“I refuse to join any club that would have me as a member,” Groucho Marx is said to have quipped.
I thought of that quote as I followed along with the proceedings of this week’s Better City Bootcamp hosted by the venerable CivicAction Alliance. Such righteous goals. Vital breakout sessions. Elevated discourse about city building.
But through it all, the one thing that kept dancing, pogo-style, around my head was: John Tory. John Tory. John Tory. John Tory.
Good intentions may pave the road to hell but I’m wondering if they also provide solid footing for entry level access into the entrenched status quo.
Is that too harsh?
I know people speak very highly and fondly of CivicAction’s founder, the late David Pecault and his Toronto City Summit Alliance, CivicAction’s early incarnation. There’s no reason for me to doubt those sentiments. Nor is there any reason for me to doubt the integrity and good intentions of those now at the helm of the organization.
It’s just… It’s John Tory, dammit.
What does it say to a group of aspiring community leaders that no matter what kind of ideas or novel approaches you may have in dealing with some of the problem issues this city faces, congestion or youth employment say, you leave those ideas and approaches behind the moment you get into any position of real, elected power? Thinking outside the box is all well and good when there’s nothing at stake, when you’re just making suggestions not decisions. Once you’re out there in the real world, well, come on. It’s the real world. Thinking outside the box is just an empty phrase you say to make it seem like you’re open-minded and all about shaking up the status quo.
Take the former CivicAction chair and now actual mayor of Toronto, the aforementioned John Tory.
Remember CivicAction John Tory and their Your 32 campaign? What would you do with an extra 32 minutes in the day if our commute times were reduced through a grand investment in public transit? That campaign, led by CivicAction John Tory (and, not coincidentally, former CEO and now Liberal government M.P.P. Mitzi “Subway Champion” Hunter), demanded our politicians start having an adult conversation about new revenue tools to pay for it. Evidently both of them have forgotten the particulars of that campaign.
“Indeed, the public has figured out,” CivicAction Tory speechified back in 2013, “that transit plans without money are almost worse than no transit plans at all because they create nothing but false hopes.”
That was CivicAction John Tory. Mayor Tory has offered up SmartTrack, a largely unfunded transit plan, creating ‘nothing but false hopes’. CivicAction John Tory’s words not mine.
So how does he face the gathering at CivicAction’s Better City Bootcamp?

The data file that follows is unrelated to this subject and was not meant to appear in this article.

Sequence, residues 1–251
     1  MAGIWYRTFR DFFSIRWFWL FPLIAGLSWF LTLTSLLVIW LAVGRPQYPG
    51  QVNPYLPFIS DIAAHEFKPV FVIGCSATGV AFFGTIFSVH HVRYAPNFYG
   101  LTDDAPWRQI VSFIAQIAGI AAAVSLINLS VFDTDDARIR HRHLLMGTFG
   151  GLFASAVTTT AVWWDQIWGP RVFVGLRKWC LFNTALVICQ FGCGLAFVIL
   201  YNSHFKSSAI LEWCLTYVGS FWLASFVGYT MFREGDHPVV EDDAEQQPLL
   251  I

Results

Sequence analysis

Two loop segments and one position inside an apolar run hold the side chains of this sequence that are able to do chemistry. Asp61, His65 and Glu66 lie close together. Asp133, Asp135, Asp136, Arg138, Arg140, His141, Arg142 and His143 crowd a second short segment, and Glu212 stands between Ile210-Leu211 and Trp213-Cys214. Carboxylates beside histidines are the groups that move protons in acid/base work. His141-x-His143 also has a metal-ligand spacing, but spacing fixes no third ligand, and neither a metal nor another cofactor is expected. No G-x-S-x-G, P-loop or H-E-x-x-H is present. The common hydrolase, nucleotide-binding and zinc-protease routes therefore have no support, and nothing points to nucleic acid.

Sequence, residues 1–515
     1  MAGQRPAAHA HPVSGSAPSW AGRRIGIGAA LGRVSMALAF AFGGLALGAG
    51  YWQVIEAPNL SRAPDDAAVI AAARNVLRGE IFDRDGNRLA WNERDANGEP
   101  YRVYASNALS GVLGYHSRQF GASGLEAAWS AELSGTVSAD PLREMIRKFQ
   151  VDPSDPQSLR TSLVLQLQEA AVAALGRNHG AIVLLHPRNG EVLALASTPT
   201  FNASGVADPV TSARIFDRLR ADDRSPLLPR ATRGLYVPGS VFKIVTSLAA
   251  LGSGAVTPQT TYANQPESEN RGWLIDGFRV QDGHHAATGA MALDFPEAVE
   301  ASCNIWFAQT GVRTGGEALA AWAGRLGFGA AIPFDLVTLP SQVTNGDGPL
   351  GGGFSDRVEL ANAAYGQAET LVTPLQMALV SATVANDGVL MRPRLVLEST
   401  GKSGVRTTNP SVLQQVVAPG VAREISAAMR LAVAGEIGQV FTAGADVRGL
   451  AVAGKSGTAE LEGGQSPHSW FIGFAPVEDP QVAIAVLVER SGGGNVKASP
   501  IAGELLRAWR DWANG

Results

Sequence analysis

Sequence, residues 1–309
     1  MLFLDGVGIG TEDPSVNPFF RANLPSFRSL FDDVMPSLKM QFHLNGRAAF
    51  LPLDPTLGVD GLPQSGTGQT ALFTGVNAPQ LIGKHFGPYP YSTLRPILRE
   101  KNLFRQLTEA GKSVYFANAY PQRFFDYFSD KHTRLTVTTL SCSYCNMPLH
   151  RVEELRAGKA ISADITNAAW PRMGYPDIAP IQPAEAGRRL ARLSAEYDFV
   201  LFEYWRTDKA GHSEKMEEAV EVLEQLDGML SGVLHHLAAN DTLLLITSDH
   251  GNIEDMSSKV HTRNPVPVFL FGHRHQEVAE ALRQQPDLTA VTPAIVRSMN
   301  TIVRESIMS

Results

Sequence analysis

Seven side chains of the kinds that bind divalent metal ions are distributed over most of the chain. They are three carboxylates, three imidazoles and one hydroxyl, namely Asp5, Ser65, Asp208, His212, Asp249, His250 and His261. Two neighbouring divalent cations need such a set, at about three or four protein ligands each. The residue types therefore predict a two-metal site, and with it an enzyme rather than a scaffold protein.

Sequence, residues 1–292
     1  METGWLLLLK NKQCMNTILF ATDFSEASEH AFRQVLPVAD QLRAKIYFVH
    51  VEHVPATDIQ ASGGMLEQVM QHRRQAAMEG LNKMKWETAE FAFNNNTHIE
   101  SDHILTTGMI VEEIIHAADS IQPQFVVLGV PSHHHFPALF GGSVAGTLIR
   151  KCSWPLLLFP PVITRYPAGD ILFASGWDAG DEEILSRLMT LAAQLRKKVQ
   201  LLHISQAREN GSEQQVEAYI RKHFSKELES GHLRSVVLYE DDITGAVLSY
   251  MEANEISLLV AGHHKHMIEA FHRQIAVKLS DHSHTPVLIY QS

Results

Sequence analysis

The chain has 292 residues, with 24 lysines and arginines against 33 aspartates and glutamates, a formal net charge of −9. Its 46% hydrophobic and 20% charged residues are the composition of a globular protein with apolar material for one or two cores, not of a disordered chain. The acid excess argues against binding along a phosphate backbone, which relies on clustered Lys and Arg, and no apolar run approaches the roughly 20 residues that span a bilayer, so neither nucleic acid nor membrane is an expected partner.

Good morning, ladies and gentlemen. Be bold. Be innovative. Be tireless in your pursuit of doing the right thing. Just don’t expect any of that from anybody holding public office.
Dare to dream. Prepare to embrace disappointment. Change that threatens the status quo can be talked about, hashed over in forums like we’ve gathered together for here. Implementation is another matter entirely.
Democracy’s all well and good. I’m as big a fan of it as there is. But there are limits. Corporate boardrooms are where the real action is. If you want to wield ultimate power and influence, put on your networking hat and get yourself mingling out in these hallways today.
Thank you very much and have a good day.
John Tory is living, breathing proof of the stunted policy positions corporate drenched organizations like CivicAction will ultimately affect. Hyperbole? Check out the board of directors or, as they like to think of themselves, “A Team of Strategic Thinkers”. The man chosen to replace Tory as the group’s chair, Rod Phillips, is yet another product of corporate and political backrooms. Chief of staff to former mayor Mel Lastman. A staffer with Tory during his time as provincial Progressive Conservative leader. Former mucky muck of OLG and now mucky muck with Postmedia.
These are not people who will be advocating for fundamental social change. They have it pretty good as it is. Tweaks to the system will suffice. Reasonable, common sense tweaks, you understand.
Look at Tory’s mayoralty so far to see the kind of changes CivicAction players really stand for. See it? Look harder. Anything? No? Yeah, me neither.
I don’t know if this is the kind of vehicle David Pecault envisioned when he established the organization back a dozen years ago, if John Tory is the kind of leader he wanted to see step up to tackle the problems the city faces. If so, it was doomed to failure from the start. A failure, that is, for everyone else but the establishment types like John Tory who use the organization as a false patina to give them the appearance of being agents of change and not the standard bearers of the status quo which is what they truly are.
— contrarily submitted by Cityslikr